Ljubljana’s Dragon

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Dragon Bridge in Ljubljana

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One of the dragons on the bridge

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Sonya and Nath with a dragon

Ljubljana: Another city with a dragon symbol and story (remember earlier we met up with Krakow’s Smok Wawelski, a fearsome creature, https://viviennemackie.wordpress.com/2015/07/24/smok-wawelski-krakows-dragon/ )

Ljubljana’s dragon doesn’t seem to be quite as scary, but it’s just as prevalent. The dragon has been the symbol of Ljubljana for hundreds of years, maybe thousands, ever since Jason—of the Argonauts and Golden Fleece fame—reputedly killed a marsh dragon in a nearby swamp.

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Dragon atop the castle on the flag

Another version of the dragon story is that it was taken from St George, the patron saint of Ljubljana Castle chapel. A Slavic version says that the dragon represents the god Veles, opponent of the thunder god Perun, the highest of the Slavic gods. In the Slavic religion, Perun was usually worshipped on a hill; Veles lower down, usually near a market place.

No matter the origin, the dragon is definitely part of the city culture now.

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The dragons do have long tails—imagine if they could wag their tails!

Like most visitors to the city, we first met the dragon at the Dragon Bridge (Zmajski Most) over the Ljubljanica River. The bridge is right next to the outdoor market and not far from the famous Triple Bridge, or from the funicular up to the Castle Hill. The four dragons on the pedestals at the end of this bridge do look pretty fierce, but they are not actually breathing fire. Supposedly, some local people have nicknamed this concrete bridge “mother-in-law” because of the dragons’ fiery looks. According to another local legend, when a virgin crosses the bridge the dragons will wag their tails (they do have long tails!). There are also smaller dragon statues decorating the bridge.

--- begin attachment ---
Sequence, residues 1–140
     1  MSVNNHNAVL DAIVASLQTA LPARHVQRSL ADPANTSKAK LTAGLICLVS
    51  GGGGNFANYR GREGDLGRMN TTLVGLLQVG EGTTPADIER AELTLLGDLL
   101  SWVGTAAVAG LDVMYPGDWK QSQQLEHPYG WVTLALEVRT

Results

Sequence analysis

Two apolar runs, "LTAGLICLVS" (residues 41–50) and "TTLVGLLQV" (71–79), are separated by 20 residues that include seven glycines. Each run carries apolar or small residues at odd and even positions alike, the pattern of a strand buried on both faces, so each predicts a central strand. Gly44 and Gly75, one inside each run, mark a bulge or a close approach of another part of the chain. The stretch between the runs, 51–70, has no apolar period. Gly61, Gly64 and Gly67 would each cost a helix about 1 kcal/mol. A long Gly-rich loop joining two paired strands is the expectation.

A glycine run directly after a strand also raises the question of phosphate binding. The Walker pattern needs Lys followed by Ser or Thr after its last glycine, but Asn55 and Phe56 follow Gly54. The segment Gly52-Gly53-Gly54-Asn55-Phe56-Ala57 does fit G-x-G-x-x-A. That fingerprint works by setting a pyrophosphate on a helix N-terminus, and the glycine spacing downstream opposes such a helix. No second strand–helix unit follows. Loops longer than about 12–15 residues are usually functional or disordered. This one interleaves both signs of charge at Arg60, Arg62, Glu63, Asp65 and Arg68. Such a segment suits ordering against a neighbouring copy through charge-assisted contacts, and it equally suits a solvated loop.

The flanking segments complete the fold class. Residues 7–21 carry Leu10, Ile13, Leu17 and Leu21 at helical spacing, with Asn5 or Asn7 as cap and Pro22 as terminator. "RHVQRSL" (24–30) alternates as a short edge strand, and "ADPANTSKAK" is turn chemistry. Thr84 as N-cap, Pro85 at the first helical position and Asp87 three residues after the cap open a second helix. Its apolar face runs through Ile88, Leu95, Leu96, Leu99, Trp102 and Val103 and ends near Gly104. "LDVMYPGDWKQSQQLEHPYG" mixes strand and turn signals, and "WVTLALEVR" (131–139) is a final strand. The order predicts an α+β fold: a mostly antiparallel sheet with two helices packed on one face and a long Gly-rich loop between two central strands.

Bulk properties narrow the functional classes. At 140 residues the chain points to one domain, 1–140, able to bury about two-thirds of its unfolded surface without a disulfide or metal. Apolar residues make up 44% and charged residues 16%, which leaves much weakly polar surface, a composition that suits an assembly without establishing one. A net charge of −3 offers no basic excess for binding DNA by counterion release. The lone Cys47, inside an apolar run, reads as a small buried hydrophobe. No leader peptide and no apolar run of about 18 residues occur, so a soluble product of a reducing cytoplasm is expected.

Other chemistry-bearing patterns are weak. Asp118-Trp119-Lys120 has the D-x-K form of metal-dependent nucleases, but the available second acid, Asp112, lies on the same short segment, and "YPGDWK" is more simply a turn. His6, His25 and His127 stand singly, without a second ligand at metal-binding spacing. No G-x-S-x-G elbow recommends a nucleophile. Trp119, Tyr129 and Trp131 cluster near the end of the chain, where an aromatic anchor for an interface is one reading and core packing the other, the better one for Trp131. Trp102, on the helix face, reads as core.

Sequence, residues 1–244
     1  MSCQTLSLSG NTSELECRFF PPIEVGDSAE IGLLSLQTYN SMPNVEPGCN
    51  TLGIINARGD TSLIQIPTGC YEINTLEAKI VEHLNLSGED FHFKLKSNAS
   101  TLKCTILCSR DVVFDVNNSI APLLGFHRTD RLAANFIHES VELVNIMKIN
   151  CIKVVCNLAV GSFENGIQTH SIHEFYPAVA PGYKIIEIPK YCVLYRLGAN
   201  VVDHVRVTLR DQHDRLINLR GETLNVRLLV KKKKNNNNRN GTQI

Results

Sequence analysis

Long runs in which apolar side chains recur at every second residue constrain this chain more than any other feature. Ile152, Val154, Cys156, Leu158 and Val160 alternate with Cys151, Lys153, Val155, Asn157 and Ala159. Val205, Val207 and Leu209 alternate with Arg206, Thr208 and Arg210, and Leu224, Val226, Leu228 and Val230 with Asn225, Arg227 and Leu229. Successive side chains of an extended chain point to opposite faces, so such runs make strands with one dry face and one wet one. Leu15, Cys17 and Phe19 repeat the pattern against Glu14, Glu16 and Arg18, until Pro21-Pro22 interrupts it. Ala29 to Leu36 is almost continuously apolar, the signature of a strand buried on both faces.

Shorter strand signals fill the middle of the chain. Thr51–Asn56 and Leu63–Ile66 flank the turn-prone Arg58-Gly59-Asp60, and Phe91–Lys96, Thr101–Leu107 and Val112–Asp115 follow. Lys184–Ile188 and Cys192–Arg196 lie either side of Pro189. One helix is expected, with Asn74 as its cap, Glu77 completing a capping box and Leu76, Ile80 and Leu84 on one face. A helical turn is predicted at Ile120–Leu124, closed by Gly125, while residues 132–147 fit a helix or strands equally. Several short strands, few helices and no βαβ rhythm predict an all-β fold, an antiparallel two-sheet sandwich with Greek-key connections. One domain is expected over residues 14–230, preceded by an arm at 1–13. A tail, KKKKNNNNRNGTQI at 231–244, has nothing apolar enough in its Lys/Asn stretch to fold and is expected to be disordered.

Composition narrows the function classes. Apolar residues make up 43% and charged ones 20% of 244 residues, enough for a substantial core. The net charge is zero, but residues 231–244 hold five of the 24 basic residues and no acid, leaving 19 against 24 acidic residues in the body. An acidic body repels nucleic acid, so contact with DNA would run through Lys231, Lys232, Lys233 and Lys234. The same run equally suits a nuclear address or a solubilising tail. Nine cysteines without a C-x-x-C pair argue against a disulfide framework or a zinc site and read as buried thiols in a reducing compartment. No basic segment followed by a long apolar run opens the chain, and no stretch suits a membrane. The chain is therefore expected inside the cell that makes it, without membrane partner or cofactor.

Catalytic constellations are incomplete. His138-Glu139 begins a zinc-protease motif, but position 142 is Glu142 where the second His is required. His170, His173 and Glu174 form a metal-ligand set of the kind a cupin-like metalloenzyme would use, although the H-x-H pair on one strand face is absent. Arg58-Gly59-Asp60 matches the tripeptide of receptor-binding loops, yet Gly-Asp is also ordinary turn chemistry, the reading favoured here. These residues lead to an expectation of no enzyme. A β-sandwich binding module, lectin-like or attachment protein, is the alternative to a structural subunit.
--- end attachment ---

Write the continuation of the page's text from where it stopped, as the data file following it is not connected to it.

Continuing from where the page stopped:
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A dragon graces the entrance hall of Ljubljana Station

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A dragon is even on the man-hole covers

The Dragon Bridge was designed by Slovenian Jurij Zaninovic, who was a fellow student, with Joze Plecnik (Ljubljana’s most famous architect), of Vienna architect Otto Wagner. This Art Nouveau Bridge was dedicated to the 40th anniversary of Hapsburg Emperor Franz Josef’s reign, and the dates are inscribed on the side of the bridge—1848-1888. The emperor was honored because he helped fund new projects in the city after the terrible 1895 earthquake. But, the bridge was never known as the Franz Josef Bridge, always as the Dragon Bridge, after the dragon guardian statues.

We see the dragon emblem in many places—on flags, on man-hole covers, on T-shirts etc. It is notably part of the city’s coat-of-arms, and symbolizes strength, courage and might. Sonya was determined to look for a dragon for her collection and found a dragon kit at the Visitors’ Center. He can be their guardian dragon now!

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The dragon kit, made up back home

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About viviennemackie

Avid traveler, travel writer and photographer. In an earlier life I was a psychologist, but now am an ESL teacher. Very interested in multiculturalism, and how travel can expand one's horizons, understanding and tolerance.
This entry was posted in bridge, dragon, historical sight, history, interesting sights, Ljubljana, local customs, stories and tagged , , , . Bookmark the permalink.

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